Young migrants in Melilla | Credit: Diosa Maat
Young migrants in Melilla | Credit: Diosa Maat

Being a minor and a migrant is a tough combination, at least in Melilla (Spain) where scores of kids live in the streets waiting to flee Africa and start their European dream.

It's seven in the morning and the day begins slowly at the port of Melilla, a Spanish autonomous city in North Africa. The first sunlight reveals the first 'wall' of the city, an old military base located in front of the port. This is the point from where the migrant children dream of escaping to Europe.


Between 50 and 100 children from foreign countries, mainly from Morocco, sleep in Melilla's streets. They are between 10 and 17 years old, according to a report titled 'Rejection and Abandonment: Situation of children sleeping in the streets of Melilla,' which was done by the ICAI-ICADE Comillas University in March.


The border fence in Melilla, Spain | Credit: Judit Alsono

“It's a complex situation,” says Josep Buades Fuster, chief of institutional relations at Jesuit Refugees Services (JRS), a religious organization that was involved in the research of another report called 'Without Protection in the Border: Human Rights at the South Border, between Nador and Melilla' and published last year.


“Kids in the streets face the impacts of the weather on their health, the addictions that they are taking on, as for example glue sniffing, the population's hate with hard comments on social media and sometimes aggressive acts, and the risks of clandestine boarding towards the Peninsula,” he said.

The report also cited rape and prostitution as additional problems.


Fleeing from poverty


With a quick look around Beni Ansar (the town on the other side of the Melilla border, in Morocco) it is easy to understand why the kids risk their lives to come to Europe. Beyond the border control, there are small streets with some shops and a poor market built with wood and plastic. An arid landscape and harsh environment complete the panorama.


“The economic problems of families in Morocco forces many to abandon their children. For them Melilla is the European door and the solution to their problems,” says José Alonso, a Melillan lawyer and Human Rights Defender. “But Melilla is a transit point that becomes eternal”, adds Buades.


Migrants in Melilla | Credit: Judit Alonso

Both agree that kids are entering Melilla through the authorized border posts among the people that cross everyday to conduct cross-border trade in food and household goods. But unaccompanied children caught at the border are taken to the National Police Station, and placed under the supervision of the Social Welfare Department of Melilla into minor’s centers.


Finding difficulties


This practice began with children who arrived undocumented, but some of them don't stay a long time. “The kids realize that they are unwelcome and they don't have a future there,” adds José Palazón, founder of Prodein, one of the first non-governmental organizations that helps the children living in the streets.


“In these centers, there is a lot of racism. The children that are from nearby Melilla don't suffer discrimination because they have the same culture as the others that are inside, so they stay,” says Palazón.


Prodein was created in 1998. “There were 100 children, between 11 and 12 years old walking on the street. The kids were injured, they slept in garbage cans” recalls Palazón. “Since 1996 there is a law to protect minors, there was a guarantee, so we started knocking on doors, demanding answers,” he explains.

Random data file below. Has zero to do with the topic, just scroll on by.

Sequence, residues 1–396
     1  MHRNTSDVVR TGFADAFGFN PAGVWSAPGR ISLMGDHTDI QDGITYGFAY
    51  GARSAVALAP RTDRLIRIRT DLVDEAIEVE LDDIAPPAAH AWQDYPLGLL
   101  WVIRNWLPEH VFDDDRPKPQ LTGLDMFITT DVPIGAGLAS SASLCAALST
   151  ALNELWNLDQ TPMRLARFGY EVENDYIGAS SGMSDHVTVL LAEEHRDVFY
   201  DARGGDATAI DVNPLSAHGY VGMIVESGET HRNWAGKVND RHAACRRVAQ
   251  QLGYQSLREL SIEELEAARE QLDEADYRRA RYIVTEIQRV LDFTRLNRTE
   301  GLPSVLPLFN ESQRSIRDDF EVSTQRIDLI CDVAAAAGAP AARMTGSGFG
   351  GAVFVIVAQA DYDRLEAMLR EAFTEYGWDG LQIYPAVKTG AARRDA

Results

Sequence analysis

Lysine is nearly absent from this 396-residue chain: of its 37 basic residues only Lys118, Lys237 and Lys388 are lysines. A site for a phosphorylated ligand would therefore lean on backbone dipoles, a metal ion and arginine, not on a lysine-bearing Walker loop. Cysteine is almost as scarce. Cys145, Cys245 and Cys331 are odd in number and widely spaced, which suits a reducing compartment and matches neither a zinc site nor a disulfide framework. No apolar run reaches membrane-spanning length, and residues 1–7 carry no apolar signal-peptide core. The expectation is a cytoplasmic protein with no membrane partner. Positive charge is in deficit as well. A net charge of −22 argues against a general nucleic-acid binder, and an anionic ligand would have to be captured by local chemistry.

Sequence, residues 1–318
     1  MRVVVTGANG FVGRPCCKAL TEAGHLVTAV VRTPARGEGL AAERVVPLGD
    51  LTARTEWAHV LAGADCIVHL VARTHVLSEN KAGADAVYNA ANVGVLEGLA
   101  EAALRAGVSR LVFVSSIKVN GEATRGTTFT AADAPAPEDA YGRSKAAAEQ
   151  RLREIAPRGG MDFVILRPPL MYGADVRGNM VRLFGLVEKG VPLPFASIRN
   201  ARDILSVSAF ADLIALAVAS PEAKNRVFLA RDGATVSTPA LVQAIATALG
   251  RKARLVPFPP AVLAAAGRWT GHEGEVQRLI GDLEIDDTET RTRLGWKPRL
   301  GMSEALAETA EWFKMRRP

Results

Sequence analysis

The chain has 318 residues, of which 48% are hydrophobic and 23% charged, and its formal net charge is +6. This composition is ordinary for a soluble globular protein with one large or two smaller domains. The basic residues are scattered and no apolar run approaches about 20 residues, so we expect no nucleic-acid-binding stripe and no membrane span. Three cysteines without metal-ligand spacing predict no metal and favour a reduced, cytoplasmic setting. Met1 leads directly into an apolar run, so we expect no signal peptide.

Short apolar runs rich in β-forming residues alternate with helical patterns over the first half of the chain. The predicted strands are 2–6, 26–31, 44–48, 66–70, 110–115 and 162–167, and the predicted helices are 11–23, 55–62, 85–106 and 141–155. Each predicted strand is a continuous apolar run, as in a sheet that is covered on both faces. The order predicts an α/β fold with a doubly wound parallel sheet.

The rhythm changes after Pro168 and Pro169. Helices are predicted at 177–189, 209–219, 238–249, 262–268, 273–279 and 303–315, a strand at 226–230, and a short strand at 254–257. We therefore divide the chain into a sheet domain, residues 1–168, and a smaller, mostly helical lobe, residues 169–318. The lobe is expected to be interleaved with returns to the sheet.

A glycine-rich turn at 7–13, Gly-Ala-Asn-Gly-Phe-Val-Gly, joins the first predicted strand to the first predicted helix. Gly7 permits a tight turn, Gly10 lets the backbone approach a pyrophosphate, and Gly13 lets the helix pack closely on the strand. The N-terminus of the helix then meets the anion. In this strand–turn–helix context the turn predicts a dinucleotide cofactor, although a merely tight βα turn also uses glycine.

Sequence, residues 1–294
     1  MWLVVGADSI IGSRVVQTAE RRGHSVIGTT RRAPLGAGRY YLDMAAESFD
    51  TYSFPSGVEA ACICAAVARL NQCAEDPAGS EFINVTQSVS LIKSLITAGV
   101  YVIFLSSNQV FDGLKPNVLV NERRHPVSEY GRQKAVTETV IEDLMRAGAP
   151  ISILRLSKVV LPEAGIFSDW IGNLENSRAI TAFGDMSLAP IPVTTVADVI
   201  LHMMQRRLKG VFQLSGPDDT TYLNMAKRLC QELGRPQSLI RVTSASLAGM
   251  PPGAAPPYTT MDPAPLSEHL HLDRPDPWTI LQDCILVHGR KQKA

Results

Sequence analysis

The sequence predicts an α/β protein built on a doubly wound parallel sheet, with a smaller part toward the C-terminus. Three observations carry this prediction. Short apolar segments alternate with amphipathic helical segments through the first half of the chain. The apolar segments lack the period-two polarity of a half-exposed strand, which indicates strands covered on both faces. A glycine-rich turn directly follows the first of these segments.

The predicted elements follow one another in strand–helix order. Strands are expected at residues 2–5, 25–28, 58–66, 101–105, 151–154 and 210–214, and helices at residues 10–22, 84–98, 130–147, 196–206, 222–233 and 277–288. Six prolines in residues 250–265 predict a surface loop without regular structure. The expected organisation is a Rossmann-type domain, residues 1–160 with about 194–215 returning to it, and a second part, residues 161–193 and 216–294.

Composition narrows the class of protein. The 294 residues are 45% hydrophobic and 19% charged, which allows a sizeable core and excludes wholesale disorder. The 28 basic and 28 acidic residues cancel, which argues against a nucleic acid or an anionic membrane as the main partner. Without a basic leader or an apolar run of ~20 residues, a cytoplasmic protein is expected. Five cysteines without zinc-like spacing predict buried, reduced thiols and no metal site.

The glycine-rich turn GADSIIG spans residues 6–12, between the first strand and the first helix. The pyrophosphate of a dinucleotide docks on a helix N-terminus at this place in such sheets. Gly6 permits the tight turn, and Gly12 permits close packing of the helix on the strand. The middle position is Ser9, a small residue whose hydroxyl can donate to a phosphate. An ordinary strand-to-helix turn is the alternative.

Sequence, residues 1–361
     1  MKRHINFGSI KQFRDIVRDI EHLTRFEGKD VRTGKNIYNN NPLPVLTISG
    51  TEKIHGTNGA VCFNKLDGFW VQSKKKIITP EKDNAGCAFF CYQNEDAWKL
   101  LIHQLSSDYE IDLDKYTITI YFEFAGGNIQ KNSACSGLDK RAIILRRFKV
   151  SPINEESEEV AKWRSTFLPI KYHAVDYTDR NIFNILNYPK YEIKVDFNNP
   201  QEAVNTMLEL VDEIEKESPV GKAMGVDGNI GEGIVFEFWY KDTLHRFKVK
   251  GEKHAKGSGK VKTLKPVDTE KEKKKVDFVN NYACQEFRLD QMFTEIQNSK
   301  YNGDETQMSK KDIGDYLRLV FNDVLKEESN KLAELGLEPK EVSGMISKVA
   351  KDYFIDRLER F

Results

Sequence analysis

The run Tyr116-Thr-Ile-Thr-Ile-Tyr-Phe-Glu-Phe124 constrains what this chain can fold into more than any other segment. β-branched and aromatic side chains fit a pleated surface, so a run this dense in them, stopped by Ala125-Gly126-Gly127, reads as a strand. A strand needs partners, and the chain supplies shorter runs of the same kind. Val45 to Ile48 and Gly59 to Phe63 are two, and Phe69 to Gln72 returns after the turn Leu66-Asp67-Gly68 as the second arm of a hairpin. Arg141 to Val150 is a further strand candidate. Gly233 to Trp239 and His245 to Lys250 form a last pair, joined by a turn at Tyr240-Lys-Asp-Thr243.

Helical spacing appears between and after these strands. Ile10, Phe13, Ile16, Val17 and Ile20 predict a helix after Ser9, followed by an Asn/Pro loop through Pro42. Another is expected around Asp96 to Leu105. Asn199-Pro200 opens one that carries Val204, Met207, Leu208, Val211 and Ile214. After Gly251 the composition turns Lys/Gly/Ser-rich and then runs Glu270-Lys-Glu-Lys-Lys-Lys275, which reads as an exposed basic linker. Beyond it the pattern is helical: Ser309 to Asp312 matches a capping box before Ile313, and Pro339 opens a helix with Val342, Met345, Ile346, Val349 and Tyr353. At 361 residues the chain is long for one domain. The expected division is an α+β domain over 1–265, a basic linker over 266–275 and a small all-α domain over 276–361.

Looking for food, care and love


It's around 9 pm, and with his wife and other volunteers of the organization, they climb a mountain at the port area to feed the teenagers and offer them a hot dish, sometimes the only one during all the day.


While one of the volunteers organizes the line and prepares the dishes, another one starts to distribute water and bread. There is a fight because some of the kids want to eat twice but there is food enough for everybody. Others ignores the scene and look at the boats that will cross the sea soon meanwhile one of them jokes about all the cities that he needs to “risky” to arrive to UK and finally Canada.


Tonight, as once per week, they can take advantage of the expertise of a nurse who practices first aid services. "Some of them they are looking for some attention and care, and they want love", says one of the volunteers. “At the end, they are only kids.”


A question of papers


Credit: Judit Alonso

Health, education and documentation are the main problems facing these kids. Buades organization started to offer legal counseling services in mid-2016. Since then, they assisted around 70 youth. “There is a lack of political will with their documentation once they are 18 years old, to enter at adult's life. In public opinion, it is always necessary to avoid the 'pull effect' that could result from the success of a migratory path during adolescence.”


“This situation has caused many dropouts from the minors centers,” Alonso said.  “Nevertheless, after repeated complaints from NGOs to the Public Prosecutor's Office and the Ombudsman, “the documentation is now processed, but all kinds of impediments are put in place so that they can not obtain it”.


For this reason, kids don't trust Spanish authorities. ”There is a lack of confidence in the Spanish protection system: the problem now is to regain confidence and that will not be done in two days,” says Palazón.


But this is key to finish with this situation. According to Alonso: “solve the problem of documentation, giving them an exit and treating them with dignity, is essential so that these children do not end up on the street.”


 

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